Published December 21, 2015 in the “Ocean Watch” column, Honolulu Star-Advertiser ©2015 Susan Scott
Hawaii’s sea cucumbers made the news last spring when untold thousands were killed off Maui and Waimanalo.
It surprised me to read that collectors export the animals to Hong Kong for medicine. I didn’t know sea cucumbers were a drug. Apparently, though, drying the creatures’ bodies, pounding them into powder and compressing it into tablets is big business.
A brief Internet search produced a staggering number of maladies sea cucumber pills are supposed to help: whooping cough, bronchitis, urinary problems, some cancers, high cholesterol, high blood pressure, impotence, stomach ulcers, diabetes and senility. One site said sea cucumbers ease joint pain in pot-bellied pigs.
Only the pills Alice took work more magic.
Sea cucumbers are also popular as food chiefly in China, Singapore, Vietnam, North and South Korea, Malaysia and Japan. Cooks add chunks of sea cucumbers to soup, stir fry and other dishes.
The Japanese name for sea cucumbers is “namako.” In Hawaiian sea cucumbers are called loli. Ancient Hawaiians ate some species and also used the creatures in love potions.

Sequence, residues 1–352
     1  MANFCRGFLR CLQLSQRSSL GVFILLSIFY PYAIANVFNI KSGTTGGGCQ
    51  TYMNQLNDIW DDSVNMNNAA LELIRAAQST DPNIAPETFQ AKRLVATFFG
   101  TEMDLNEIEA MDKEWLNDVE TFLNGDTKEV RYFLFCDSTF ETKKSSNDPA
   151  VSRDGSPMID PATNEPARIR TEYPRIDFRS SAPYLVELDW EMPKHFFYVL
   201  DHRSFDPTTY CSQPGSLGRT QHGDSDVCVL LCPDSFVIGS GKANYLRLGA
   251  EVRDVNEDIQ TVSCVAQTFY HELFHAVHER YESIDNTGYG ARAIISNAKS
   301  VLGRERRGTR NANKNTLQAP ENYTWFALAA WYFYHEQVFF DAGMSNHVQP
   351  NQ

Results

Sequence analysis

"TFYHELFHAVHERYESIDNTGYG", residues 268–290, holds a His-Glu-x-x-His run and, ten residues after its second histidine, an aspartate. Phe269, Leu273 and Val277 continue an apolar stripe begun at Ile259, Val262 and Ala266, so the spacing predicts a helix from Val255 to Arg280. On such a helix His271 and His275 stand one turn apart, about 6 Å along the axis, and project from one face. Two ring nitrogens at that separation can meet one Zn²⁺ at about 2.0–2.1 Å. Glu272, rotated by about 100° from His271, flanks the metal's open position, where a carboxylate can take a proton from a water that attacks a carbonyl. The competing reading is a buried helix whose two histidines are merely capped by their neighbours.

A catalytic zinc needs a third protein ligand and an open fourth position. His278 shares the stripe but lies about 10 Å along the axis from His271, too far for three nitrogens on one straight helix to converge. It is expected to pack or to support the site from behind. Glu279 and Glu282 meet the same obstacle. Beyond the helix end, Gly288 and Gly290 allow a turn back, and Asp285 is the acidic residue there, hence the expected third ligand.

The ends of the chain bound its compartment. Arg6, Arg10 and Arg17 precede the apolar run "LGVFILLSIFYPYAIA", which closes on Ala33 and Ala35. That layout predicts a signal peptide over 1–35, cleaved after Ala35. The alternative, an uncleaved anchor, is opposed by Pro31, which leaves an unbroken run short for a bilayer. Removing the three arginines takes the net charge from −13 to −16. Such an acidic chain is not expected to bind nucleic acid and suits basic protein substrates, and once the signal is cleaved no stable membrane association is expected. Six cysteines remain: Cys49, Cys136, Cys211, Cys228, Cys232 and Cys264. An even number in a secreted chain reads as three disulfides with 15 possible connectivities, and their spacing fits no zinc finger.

“When loli is the offering,” goes the saying, “passionate is the love.” Markets sell sea cucumbers as “beche-de-mer.” I assumed this was originally a French dish because the words sound French. It isn’t. Beche-de-mer comes from the Portuguese “bicho do mar,” meaning sea worm. Another term for the animal as food is “trepang,” from the Malaysian “teripang.”
I’m fond of sea cucumbers, not in cuisine or as a cure-all, but because they’re the housekeepers of the ocean floor. With the help of tentacles surrounding a down-turned mouth, the sea cucumber sweeps back and forth, sucking in sand and mud to eat organic pieces fallen there. The creature expels the sifted sediment through its anus in pellets or strands.
Healthy sea cucumber populations continually vacuum tons of underwater sand and mud, playing an important role in the balance of the marine ecosystem.
Besides being crackerjack cleaners, you have to love an animal that breathes through its anus. Lacking gills, a sea cucumber slowly puffs up its body to take water in through the anus. After the creature’s respiratory tree extracts the water’s oxygen, the cucumber gradually deflates, exhaling water, again through the anus.
During last spring’s alarming sea cucumber haul, the state had no limit to how many people could collect. Now aquarium collectors can legally take 3,600 sea cucumbers per year, only from Oahu waters. Because no one has studied sustainability in Hawaii’s sea cucumbers, the number is a guess. Hopefully it will leave our Hoover population healthy.